By Jonathan Davies

Tom Hayes, the first trader to stand trial over the Libor scandal, was allowed to keep his £2.2 million bonus despite being sacked over his alleged crimes.

Southwark crown court heard that Mr Hayes asked Citigroup “How much are you going to pay me to go quietly?” during a disciplinary hearing in 2010.

Hayes was sacked by Citigroup, but the bank did not exercise the right to clawback his £2.2m bonus.

In his dismissal letter, the bank siad: “Citigroup has uncovered that you attempted to manipulate the Yen Libor and [the Tokyo equivalent] Tibor rates in order to benefit your trading position,” which it said was a clear breach of its code of conduct, “resulting in the possibility of serious regulatory actions”.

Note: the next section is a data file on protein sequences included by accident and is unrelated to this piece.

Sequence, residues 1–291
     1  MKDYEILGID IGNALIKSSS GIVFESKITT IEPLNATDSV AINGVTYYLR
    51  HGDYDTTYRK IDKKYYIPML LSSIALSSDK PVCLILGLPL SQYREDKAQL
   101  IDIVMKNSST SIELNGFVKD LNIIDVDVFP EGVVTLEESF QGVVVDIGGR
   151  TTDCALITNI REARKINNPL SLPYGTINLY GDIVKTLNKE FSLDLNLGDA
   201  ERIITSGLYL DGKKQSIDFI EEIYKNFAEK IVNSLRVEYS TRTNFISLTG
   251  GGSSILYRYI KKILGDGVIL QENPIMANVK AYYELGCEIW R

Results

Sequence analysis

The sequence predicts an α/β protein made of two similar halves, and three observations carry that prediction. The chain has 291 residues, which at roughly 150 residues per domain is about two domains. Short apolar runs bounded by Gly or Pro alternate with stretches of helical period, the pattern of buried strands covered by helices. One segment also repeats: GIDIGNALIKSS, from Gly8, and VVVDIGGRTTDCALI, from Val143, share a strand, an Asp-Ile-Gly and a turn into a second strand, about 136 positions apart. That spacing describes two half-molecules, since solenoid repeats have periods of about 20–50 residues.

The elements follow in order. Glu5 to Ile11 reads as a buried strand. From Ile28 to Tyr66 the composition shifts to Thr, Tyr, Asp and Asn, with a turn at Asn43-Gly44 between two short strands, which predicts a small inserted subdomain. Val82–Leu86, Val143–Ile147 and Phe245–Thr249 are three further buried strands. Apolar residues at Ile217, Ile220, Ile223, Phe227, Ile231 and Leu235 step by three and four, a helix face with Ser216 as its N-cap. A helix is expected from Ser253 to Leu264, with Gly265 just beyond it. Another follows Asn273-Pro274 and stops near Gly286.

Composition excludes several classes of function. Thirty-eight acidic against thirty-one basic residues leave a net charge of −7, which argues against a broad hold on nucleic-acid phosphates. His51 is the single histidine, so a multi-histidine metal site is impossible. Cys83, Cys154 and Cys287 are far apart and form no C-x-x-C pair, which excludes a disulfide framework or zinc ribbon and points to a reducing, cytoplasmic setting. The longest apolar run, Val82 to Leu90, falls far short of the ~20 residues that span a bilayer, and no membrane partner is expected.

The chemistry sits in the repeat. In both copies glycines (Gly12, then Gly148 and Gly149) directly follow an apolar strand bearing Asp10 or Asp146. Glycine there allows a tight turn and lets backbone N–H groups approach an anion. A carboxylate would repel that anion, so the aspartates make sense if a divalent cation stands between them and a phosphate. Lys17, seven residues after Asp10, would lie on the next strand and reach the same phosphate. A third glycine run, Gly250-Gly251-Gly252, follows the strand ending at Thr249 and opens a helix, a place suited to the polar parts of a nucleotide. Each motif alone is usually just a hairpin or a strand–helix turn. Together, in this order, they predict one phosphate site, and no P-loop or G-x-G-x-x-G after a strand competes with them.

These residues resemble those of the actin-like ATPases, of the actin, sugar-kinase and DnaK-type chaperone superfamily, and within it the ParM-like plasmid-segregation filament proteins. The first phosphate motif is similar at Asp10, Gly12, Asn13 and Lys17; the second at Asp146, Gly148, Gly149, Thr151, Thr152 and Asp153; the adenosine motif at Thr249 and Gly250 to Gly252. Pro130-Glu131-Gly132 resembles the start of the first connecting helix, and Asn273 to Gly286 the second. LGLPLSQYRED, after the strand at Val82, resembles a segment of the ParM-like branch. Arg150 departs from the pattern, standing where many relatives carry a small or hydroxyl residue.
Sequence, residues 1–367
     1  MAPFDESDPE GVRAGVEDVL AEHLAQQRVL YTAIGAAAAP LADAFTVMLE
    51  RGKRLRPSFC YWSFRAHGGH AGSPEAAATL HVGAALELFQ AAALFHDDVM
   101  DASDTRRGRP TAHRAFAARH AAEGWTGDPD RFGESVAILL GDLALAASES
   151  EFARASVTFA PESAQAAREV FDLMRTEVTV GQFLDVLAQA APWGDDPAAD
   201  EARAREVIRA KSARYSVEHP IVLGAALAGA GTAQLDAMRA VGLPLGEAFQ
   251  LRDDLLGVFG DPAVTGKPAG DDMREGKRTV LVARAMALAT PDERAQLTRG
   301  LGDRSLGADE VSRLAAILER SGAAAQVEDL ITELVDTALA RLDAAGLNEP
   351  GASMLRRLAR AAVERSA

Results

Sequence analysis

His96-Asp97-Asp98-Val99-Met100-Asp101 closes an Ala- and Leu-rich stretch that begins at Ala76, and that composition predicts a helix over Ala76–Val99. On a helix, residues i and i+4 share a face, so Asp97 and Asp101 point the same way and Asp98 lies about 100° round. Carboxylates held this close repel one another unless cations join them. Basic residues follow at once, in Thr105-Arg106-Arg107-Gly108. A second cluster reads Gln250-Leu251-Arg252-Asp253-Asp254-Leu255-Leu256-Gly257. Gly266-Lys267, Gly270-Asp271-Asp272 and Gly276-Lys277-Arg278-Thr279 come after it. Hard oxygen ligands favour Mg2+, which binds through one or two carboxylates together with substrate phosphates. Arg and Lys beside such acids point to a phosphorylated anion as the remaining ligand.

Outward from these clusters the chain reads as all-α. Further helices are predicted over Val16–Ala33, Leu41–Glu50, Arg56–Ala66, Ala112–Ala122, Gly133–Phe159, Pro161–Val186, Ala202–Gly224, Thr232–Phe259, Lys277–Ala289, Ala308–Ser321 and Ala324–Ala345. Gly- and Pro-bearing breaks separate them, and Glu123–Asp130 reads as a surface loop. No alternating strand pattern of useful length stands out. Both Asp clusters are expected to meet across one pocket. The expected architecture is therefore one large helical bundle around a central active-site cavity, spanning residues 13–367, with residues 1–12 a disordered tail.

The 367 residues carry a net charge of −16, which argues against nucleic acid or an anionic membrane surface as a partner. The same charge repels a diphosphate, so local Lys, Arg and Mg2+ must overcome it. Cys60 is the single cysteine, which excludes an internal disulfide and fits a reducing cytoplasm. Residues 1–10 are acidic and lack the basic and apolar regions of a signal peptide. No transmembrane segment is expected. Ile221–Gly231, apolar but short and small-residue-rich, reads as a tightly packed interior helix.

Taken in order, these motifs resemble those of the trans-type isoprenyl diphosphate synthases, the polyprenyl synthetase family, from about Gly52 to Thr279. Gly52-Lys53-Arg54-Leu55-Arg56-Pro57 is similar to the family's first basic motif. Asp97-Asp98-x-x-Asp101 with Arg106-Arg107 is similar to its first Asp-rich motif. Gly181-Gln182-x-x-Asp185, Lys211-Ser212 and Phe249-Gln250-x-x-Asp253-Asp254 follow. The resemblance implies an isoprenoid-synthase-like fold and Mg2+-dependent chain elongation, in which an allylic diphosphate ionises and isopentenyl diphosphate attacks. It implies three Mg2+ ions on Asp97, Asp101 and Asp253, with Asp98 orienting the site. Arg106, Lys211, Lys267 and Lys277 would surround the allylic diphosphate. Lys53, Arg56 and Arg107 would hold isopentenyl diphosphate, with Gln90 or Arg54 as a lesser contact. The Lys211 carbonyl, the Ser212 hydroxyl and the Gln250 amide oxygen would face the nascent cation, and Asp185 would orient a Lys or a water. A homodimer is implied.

The court was also read a transcript of an interview between Mr Hayes and Serious Fraud Officers.

In the transcript, Hayes answers "yes" to the question: “Do you admit that you acted dishonestly in the manipulation and attempted manipulation of submissions bring made for Libor?”

Mr Hayes faces eight counts of conspiracy to defraud by manipulating the key interest rate, known as the Libor rate.

He denies the charges.